initializing argument 1 of `...

This is a discussion on initializing argument 1 of `... within the C++ Programming forums, part of the General Programming Boards category; I've come across an error that i can't even begin to understand. I have a function that turns text into ...

  1. #1
    A10
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    Question initializing argument 1 of `...

    I've come across an error that i can't even begin to understand.
    I have a function that turns text into a class (file2Agent()). It calls a function that reads formatted text in a file (read(ifstream)). I have no idea what's wrong.

    here's the code for file2Agent:
    Code:
    agent *fileManager::file2Agent()
    {
          cerr<<"mark 3";
          agent *phead= 0;
          cin.get();
    
          ifstream fin("agents.DATA");
          if(!fin) //did we get the file open?
          {
           cerr<<endl<<endl<<"\aCouldn't open file in agent *fileManager::file2Agent()"; //nope
           return phead;
          }//if
          vector <agent*> parray; 
          while (1) //get an agent
          {
           phead = read(fin); //compiler complains about this line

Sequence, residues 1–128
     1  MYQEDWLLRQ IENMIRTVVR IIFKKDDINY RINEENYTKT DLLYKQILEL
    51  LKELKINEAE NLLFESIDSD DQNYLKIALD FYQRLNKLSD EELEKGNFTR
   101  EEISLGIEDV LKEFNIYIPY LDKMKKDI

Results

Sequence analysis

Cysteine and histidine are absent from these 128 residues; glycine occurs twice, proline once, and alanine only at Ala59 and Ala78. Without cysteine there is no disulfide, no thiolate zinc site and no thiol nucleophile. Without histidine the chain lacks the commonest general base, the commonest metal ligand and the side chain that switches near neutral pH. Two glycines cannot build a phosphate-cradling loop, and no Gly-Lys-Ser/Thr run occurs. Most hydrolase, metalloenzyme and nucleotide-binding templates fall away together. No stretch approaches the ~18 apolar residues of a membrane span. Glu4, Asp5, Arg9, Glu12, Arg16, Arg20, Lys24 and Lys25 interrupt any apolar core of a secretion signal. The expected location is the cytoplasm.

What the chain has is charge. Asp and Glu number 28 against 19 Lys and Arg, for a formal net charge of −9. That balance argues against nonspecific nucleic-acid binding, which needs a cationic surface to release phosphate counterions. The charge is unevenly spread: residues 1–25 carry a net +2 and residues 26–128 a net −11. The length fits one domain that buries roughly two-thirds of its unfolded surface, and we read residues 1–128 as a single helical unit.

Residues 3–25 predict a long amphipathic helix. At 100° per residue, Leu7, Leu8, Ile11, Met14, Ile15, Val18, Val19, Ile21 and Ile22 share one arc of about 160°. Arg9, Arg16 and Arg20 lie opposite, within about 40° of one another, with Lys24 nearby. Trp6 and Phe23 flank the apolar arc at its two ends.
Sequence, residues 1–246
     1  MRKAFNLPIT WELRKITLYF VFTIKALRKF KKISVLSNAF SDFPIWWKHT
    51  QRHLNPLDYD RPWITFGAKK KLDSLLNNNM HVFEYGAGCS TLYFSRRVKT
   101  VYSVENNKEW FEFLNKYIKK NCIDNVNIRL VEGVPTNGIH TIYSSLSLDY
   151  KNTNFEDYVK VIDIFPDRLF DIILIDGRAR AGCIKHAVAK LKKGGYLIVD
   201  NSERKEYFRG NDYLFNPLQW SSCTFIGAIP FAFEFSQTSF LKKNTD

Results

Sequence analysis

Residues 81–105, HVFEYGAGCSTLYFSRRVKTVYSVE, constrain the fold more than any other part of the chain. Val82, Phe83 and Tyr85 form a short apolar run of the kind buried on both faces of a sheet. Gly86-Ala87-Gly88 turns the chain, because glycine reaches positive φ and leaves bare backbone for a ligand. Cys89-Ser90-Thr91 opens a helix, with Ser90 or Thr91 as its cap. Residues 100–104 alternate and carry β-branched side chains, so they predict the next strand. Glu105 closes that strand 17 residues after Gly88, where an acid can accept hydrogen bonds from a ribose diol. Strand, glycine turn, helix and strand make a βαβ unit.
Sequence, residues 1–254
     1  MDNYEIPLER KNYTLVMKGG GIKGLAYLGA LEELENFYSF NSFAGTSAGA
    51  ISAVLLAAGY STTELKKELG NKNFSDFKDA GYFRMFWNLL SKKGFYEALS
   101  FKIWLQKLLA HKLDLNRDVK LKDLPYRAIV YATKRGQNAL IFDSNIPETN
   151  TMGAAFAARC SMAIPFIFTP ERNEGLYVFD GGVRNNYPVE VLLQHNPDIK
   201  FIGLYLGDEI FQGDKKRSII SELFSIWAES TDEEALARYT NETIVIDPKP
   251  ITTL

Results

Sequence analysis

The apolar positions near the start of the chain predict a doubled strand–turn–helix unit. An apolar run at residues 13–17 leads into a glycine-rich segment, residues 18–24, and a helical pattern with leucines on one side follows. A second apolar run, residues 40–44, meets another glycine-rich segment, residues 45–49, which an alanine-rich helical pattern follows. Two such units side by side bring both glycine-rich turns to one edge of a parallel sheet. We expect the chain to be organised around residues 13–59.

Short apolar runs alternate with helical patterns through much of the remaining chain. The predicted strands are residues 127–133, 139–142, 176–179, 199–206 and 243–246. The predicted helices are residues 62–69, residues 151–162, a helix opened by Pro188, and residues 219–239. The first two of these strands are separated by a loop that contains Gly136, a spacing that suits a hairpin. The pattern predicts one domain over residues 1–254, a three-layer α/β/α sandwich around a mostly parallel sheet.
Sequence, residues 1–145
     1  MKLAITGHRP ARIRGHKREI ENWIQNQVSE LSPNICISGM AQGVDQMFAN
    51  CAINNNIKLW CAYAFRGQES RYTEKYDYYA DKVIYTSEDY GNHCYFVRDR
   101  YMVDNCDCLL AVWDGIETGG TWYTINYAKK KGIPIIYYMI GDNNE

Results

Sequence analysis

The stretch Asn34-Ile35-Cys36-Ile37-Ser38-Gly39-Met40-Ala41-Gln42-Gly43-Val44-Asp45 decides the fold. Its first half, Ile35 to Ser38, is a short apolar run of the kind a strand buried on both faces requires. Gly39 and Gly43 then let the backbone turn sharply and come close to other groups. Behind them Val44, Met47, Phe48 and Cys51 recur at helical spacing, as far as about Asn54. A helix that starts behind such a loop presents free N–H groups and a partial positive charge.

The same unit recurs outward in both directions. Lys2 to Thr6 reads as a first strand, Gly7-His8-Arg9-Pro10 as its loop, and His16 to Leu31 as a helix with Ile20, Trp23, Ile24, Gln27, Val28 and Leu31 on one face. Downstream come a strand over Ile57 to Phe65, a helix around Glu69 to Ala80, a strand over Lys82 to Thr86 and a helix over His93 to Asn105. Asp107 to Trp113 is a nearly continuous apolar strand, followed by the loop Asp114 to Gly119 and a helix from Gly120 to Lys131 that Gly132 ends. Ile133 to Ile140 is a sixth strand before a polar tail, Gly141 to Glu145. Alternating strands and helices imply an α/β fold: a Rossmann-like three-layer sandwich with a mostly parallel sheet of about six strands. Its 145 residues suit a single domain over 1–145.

if (phead != 0);
           {
            parray.push_back(phead); //put it into a vector
            continue;
           }//if
           break;
          }//while
          cin.get();
          fin.close();
          vector2Agent(parray,phead); 
          cerr<<endl<<endl;
          phead->display(); //testing
          return phead;      
    }//file2Agent
    here's the code for read:
    Code:
    agent* fileManager::read(ifstream fin)
    {
          agent *phead = 0;
          char ch;
          int id;
          string s1,s2,s3;
          while (fin.get(ch)) //read a character
          {
           if (ch = 'a') //is it the begining of an agent
           {
            fin.get(ch); //eat up newline
            id = getNum(fin);//if making additions or subtractions to agent class; mod these---
            s1 = getString(fin); //                                                          |